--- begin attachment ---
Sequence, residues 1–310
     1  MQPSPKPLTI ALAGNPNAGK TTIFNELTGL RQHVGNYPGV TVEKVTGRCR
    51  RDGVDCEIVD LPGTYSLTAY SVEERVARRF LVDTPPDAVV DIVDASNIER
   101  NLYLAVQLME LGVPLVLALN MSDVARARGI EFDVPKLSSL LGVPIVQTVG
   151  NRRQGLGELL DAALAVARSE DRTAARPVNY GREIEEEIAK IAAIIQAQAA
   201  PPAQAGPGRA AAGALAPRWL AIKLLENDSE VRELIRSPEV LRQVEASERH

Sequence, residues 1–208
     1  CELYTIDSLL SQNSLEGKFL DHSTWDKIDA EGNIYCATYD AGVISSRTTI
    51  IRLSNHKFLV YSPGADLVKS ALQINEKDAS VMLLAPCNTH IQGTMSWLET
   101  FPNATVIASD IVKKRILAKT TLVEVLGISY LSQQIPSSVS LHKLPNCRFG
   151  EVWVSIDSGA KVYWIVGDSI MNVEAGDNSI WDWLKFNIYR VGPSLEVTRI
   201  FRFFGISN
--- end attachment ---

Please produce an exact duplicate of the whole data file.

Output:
Sequence, residues 1–310
     1  MQPSPKPLTI ALAGNPNAGK TTIFNELTGL RQHVGNYPGV TVEKVTGRCR
    51  RDGVDCEIVD LPGTYSLTAY SVEERVARRF LVDTPPDAVV DIVDASNIER
   101  NLYLAVQLME LGVPLVLALN MSDVARARGI EFDVPKLSSL LGVPIVQTVG
   151  NRRQGLGELL DAALAVARSE DRTAARPVNY GREIEEEIAK IAAIIQAQAA
   201  PPAQAGPGRA AAGALAPRWL AIKLLENDSE VRELIRSPEV LRQVEASERH

Sequence, residues 1–208
     1  CELYTIDSLL SQNSLEGKFL DHSTWDKIDA EGNIYCATYD AGVISSRTTI
    51  IRLSNHKFLV YSPGADLVKS ALQINEKDAS VMLLAPCNTH IQGTMSWLET
   101  FPNATVIASD IVKKRILAKT TLVEVLGISY LSQQIPSSVS LHKLPNCRFG
   151  EVWVSIDSGA KVYWIVGDSI MNVEAGDNSI WDWLKFNIYR VGPSLEVTRI
   201  FRFFGISN